Mr. Raison

Strictly speaking that is a question for the DHSS. not the Home Offce, but I can assure my hon. Friend the Member for Burton (Mr. Lawrence) that it is certainly not our intention that the money released under the Bill will be used to let the Government off the hook of their responsibilities.

I do not think that the total is quite £4.3 million, because the sum is distributed in different ways. Not all of it goes into the fund. Nevertheless, on my hon. Friend's basic point, this will not be a means of the Government shelving their responsibilities.

In recent years the DHSS has funded two detoxification centres—in Leeds and Manchester—to which the police have been able to take offenders as an alternative to charging them with the offences. I should like to pay tribute to the work these centres have done. In some instances they have been able to wean the people brought there from drink, but a shortcoming of the system is that once the client has been brought there there is nothing to stop him or her from leaving the next morning. Excellent though the residental treatment and rehabilitation facilities provided by these centres are, they are costly to staff and, for that reason, it would be impracticable to expand them on any scale, as an alternative to locking up drunken offenders. The Home Office considers that a more suitable alternative would be the provision of a network of overnight shelters situated, for example, in an existing hostel, where the offender could in the first place be looked after for the night by experienced staff. In the morning, he could then be offered help with his drink problem and, if he accepted the offer, arrangements could be made for him to receive treatment from an appropriate agency.

The Home Office, through the voluntary services unit, has already allocated funds for the setting up of two experimental shelters of this kind. One will be situated in Birmingham, and is near to opening, and it is hoped that the other will be in the London area. The units will be funded initially for two years during which the schemes will be monitored. Monitoring is obviously an important part of this scheme. If the scheme proves successful, extra resources will be necessary to expand it and it is our hope that the Alcohol Research and Education Council proposed in my hon. Friend's Bill would give sympathetic consideration to any application made to it for this purpose.

Turning to the Bill itself, the proposals for the liquidation seem eminently sensible. I agree that they make for difficult reading for someone not already familiar with the rules and procedures provided under the Licensing Act 1964 for the administration of the existing compensation scheme, but I am assured that they will ease the speedy transfer of the funds from the authorities to the two charitable funds. My Department is making preparations to ensure that the liquidator can be appointed soon after the Act receives Royal Assent and we hope that most of the work of liquidation could be completed within 12 months of its coming into force.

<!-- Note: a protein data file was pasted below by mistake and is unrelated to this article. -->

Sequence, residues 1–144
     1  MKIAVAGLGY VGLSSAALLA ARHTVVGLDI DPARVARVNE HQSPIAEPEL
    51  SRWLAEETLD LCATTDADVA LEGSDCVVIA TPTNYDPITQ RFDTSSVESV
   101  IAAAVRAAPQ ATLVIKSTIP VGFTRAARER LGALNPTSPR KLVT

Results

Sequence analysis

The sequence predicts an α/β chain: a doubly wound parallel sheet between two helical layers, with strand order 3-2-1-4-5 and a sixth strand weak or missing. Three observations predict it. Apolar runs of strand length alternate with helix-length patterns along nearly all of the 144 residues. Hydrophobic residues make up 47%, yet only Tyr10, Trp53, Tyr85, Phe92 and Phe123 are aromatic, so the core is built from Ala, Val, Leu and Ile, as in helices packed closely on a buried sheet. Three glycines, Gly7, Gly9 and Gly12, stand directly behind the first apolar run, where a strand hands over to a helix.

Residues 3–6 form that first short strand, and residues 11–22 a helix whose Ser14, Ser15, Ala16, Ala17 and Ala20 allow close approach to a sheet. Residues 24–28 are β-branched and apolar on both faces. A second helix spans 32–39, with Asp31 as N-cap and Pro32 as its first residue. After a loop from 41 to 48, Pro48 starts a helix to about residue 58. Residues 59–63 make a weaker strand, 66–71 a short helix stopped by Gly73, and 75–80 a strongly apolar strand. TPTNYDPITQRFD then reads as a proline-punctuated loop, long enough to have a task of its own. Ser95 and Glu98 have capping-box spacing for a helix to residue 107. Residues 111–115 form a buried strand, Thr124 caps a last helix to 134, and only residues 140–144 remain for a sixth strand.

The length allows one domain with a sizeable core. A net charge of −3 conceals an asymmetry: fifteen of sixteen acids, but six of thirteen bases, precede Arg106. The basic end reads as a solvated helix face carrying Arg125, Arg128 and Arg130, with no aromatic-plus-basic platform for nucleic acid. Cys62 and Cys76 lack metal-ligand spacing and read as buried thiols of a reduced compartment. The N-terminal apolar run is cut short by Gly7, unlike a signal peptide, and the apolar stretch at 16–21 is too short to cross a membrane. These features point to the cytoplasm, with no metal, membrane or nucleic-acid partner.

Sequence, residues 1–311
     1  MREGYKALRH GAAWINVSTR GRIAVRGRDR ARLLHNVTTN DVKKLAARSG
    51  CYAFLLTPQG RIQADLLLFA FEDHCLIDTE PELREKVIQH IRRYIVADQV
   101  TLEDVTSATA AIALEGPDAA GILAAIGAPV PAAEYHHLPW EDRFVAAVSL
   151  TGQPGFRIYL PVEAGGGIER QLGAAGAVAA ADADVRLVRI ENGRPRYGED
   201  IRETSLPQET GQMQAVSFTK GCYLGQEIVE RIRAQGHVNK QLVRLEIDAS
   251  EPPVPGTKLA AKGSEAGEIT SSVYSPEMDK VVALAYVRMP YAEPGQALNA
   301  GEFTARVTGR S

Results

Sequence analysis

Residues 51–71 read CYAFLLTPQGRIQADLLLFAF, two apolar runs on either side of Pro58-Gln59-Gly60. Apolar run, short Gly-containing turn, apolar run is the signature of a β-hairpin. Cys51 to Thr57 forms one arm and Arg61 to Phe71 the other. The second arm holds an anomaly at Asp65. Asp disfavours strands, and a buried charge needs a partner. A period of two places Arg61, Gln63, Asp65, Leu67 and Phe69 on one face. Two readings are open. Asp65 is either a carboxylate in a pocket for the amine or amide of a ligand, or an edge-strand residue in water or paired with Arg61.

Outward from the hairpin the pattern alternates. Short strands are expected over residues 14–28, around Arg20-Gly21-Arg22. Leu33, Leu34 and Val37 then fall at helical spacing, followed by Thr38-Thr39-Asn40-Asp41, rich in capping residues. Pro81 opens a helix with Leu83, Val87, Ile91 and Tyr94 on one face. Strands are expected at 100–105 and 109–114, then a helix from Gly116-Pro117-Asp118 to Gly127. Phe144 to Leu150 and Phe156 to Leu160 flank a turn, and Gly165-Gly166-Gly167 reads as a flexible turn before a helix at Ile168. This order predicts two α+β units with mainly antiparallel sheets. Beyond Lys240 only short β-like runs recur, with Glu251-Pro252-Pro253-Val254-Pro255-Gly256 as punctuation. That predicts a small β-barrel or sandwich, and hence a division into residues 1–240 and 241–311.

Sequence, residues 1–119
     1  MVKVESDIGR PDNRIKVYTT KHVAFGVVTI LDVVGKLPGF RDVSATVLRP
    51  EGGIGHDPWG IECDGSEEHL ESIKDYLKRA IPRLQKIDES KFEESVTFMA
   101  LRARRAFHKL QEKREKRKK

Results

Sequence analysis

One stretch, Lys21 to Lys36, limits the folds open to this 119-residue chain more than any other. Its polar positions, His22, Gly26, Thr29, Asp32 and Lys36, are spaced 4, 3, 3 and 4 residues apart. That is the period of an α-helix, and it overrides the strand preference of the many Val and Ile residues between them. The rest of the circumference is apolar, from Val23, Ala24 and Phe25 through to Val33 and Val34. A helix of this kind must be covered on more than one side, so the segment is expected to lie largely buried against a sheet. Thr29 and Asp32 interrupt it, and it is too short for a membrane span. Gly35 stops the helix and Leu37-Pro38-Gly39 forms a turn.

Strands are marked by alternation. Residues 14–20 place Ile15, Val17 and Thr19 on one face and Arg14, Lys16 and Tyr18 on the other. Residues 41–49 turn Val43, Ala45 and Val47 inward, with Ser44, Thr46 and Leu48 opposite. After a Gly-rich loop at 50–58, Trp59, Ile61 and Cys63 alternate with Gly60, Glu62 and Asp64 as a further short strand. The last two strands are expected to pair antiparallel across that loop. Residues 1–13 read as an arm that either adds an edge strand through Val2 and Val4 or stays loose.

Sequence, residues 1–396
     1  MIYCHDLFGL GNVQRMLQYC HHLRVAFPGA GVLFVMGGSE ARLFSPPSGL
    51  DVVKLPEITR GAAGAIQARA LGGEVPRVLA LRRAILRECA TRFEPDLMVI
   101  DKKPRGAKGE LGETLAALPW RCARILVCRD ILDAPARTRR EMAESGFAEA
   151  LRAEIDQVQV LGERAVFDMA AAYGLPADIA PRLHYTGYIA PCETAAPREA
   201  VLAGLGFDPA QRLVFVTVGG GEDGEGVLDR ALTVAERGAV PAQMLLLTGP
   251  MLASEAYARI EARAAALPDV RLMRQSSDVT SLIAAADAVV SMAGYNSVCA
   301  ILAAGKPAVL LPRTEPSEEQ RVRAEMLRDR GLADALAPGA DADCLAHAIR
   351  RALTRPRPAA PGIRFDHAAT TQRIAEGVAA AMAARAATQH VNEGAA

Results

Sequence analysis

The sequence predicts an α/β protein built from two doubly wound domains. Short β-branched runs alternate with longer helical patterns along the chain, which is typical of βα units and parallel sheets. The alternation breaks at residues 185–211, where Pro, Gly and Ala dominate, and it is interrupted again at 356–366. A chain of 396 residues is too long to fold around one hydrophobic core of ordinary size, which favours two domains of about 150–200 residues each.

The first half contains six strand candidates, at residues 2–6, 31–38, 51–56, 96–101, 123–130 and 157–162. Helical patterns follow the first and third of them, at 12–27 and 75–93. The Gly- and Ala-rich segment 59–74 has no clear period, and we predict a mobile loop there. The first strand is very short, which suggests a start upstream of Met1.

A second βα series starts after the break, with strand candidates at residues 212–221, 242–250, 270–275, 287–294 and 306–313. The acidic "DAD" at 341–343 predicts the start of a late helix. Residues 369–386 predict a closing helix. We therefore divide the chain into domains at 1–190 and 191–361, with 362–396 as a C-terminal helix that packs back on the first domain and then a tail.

With regard to the appointment of members to the Alcohol Education and Research Council, the process of consulting has already begun with Government Departments and representative organisations and here, too, we would hope to make these appointments shortly after the Act commences. In making these appointments, it is my right hon. Friend's intention to create a council whose members will command the respect and confidence of all the organisations which have an interest in the problems of alcohol education and research, and in the care and treatment of those with serious drink problems.

My hon. Friend the Member for Essex, South-East asked whether the council's work will simply comprise giving grants for these purposes or whether it will have a general advisory role. I confirm that it will not have a general advisory role. Its purpose is to handle these funds.

The brewers' representatives would certainly not be in a majority on the council as we see it. We are thinking in terms of the council being at the upper end of the permitted range of numbers. The range is between nine and 15. We think it would probably have 14 or 15 members, and we would expect not more than three or four of those to be in some sense associated with, or representatives of, the brewing industry.

The objects and aims of the Alcohol Education and Research Council seem to me to be sensible and they correspond with the Government's proposals. Whether the council needs to be backed by assessors is not so much a matter to be put into the Bill as something on which the trustees themselves—the members of the council—would be able to make up their minds. They may need expert advice of this kind but we ought to leave that matter to them.